On the face of it at least, they're a partnership as unlikely as, say, Russell Brand and The Dalai Lama. Yet both combinations have actually worked out quite nicely. Luis Suarez and Jose Enrique have formed a double-act that has yielded tremendous benefit to Brendan Rodgers' Liverpool this season.
With his peculiar gait, muscle-bound frame and extreme one-footedness, Enrique might be cruelly cast as the lumpen, doltish side-kick to Suarez's diminutive, cunning genius; a sort of footballing Pinky and The Brain, if you will. Tempting as that depiction is, and I cannot promise I will stop using it, it is needlessly disparaging of the Spaniard's abilities and his contribution to this kinetic duo.
Enrique was bounteous in his praise of the Uruguayan striker when interviewed by The Liverpool Echo and elaborated a little on what is behind the on-field connection that has so far seen the left back lay on four of Suarez's goals, more assists than anyone else has provided for Liverpool's poacher.
"It's really easy to understand Luis," said the left back. "When I have the ball he's the first person I look for on the pitch. He is our best player and he can do something from nothing. It's like at Barcelona, the first player they look for when the game is in a bad situation is Messi because they know he can do something. Luis is the same, I look for him because I know he can do something different."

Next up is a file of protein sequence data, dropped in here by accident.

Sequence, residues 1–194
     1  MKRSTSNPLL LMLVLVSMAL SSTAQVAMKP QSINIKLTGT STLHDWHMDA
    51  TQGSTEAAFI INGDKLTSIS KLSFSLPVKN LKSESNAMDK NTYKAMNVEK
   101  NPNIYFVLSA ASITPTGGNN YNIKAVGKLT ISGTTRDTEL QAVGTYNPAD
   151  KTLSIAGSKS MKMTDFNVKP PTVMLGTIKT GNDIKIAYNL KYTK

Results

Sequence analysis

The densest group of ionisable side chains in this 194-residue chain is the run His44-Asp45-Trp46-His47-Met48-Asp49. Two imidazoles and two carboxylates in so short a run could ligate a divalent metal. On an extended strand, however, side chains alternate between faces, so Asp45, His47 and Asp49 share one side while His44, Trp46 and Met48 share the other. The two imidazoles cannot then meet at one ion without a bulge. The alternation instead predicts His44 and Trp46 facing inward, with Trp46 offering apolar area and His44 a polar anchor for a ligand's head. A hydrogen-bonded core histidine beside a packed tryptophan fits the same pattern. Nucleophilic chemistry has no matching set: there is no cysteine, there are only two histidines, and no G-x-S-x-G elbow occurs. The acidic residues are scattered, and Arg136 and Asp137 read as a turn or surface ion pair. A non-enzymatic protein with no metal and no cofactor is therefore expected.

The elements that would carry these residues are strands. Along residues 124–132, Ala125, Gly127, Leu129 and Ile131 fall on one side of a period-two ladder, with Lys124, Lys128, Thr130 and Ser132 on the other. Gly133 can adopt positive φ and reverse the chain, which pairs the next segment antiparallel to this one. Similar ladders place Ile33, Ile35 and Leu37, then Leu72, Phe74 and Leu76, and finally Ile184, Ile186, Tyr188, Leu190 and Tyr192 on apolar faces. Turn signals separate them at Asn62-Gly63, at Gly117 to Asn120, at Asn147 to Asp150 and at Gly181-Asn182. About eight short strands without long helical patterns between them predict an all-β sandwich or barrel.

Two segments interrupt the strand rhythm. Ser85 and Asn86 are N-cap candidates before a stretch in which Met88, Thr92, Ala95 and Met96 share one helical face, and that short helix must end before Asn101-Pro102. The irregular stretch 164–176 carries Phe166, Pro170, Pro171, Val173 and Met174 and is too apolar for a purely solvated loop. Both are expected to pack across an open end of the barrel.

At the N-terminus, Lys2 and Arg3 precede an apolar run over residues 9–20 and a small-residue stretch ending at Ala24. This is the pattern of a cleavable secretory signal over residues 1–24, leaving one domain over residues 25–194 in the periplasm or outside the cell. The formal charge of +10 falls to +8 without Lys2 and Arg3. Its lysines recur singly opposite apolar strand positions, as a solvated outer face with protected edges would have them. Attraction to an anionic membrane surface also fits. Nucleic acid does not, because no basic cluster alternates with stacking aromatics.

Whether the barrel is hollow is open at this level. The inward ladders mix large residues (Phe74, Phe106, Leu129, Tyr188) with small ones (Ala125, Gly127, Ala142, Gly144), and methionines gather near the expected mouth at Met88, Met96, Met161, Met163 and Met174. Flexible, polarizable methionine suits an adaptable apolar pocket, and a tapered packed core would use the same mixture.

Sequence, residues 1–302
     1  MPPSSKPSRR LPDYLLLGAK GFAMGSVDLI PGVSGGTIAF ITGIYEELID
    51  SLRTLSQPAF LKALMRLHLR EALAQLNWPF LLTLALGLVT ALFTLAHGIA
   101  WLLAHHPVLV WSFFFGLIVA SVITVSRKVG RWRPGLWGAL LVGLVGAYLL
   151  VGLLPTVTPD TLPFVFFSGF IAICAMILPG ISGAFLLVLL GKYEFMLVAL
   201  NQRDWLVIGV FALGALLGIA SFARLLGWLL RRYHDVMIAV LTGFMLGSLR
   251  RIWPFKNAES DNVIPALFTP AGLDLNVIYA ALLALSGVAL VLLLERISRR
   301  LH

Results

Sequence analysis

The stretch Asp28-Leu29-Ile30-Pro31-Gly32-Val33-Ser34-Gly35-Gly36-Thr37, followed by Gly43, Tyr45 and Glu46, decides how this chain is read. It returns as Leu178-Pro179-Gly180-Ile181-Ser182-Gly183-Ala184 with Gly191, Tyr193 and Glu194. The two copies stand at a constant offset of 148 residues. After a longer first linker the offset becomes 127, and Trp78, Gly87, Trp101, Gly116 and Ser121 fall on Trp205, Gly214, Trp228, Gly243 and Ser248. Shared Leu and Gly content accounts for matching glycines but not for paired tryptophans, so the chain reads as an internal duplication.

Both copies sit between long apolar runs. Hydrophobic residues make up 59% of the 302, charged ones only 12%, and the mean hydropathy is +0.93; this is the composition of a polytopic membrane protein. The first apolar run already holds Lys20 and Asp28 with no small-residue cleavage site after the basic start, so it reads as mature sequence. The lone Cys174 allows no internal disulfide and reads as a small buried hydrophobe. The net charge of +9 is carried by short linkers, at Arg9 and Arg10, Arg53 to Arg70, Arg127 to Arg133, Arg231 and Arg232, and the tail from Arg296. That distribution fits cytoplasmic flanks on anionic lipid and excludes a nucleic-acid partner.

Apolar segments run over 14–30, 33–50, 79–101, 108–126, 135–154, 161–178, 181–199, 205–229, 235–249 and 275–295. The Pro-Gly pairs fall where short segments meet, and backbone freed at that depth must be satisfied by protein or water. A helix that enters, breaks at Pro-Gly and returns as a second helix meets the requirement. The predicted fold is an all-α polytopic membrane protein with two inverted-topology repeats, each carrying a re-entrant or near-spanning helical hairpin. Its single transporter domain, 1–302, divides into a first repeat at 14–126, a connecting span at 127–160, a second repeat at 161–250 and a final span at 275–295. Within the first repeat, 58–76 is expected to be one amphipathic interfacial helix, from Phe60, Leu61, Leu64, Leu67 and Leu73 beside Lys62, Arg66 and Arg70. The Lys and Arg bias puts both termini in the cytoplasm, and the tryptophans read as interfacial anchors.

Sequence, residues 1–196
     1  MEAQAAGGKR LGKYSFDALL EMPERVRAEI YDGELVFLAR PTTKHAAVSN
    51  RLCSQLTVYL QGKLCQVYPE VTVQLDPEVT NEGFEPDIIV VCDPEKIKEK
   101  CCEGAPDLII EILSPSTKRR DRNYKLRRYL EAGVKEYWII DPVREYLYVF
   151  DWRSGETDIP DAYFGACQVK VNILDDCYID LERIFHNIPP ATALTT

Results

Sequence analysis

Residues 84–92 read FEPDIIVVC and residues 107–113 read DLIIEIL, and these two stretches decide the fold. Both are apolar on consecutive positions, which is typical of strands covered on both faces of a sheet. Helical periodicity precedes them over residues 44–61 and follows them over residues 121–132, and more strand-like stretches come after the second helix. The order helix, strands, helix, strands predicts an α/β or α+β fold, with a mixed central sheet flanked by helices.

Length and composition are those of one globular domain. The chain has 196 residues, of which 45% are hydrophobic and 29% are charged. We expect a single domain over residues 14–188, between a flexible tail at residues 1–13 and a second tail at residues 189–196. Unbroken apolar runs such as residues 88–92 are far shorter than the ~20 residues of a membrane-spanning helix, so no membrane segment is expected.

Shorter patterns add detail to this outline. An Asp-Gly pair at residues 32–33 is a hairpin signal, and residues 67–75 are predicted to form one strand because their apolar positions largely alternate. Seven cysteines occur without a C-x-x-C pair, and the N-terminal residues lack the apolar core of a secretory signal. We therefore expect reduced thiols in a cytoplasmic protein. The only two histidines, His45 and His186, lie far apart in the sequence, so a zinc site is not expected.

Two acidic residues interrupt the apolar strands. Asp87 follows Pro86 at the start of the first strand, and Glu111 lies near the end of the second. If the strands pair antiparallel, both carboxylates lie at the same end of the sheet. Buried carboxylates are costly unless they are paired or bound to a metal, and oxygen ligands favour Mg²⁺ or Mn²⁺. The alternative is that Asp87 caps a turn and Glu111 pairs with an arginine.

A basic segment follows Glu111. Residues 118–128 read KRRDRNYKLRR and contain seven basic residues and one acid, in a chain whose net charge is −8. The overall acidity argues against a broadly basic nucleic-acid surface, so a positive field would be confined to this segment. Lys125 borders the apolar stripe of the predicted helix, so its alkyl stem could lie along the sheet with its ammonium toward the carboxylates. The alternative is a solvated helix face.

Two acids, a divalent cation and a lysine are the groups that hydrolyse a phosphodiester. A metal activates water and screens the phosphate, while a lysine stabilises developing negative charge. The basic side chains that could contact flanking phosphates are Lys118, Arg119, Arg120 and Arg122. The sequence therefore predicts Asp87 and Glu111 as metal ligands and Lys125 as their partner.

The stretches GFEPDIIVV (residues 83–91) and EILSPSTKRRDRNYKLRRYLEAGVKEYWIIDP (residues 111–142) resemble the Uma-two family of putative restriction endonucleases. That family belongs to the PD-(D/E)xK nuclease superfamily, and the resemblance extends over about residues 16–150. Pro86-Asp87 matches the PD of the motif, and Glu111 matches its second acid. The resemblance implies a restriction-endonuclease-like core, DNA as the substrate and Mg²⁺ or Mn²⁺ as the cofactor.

The offensively-minded left back is worthy of commendation himself for his sterling contribution to the Liverpool attack. To date he has six assists and two goals, one of which, versus Swansea, is a contender for team goal of the season. Enrique, however, prefers to focus on Suarez, a man he calls "an amazing player" and likens his partnership with him to the one he forged with another Uruguayan, Diego Forlan, at Villareal.
Signed by Kenny Dalglish, the defender has featured consistently over two seasons for two different managers but he is comfortable with the style and system favoured by Brendan Rodgers and he feels that the team are slowly improving under the Northern Irishman.
"Tactically, we are improving a lot," he added. "Working and pressing as a team means it is so difficult for the opposition to keep the ball properly. We did that against Spurs and our second goal came from that - good pressure forced the mistake."
Yes, that sound you just heard may well be the sound of a first team squad's worth of pennies dropping, as they finally come to terms with implementing the ideas Rodgers outlined on his arrival. That is an encouraging notion and whilst we're being uncharacteristically upbeat, here's a visual reminder of the old Enrique-Suarez one-two.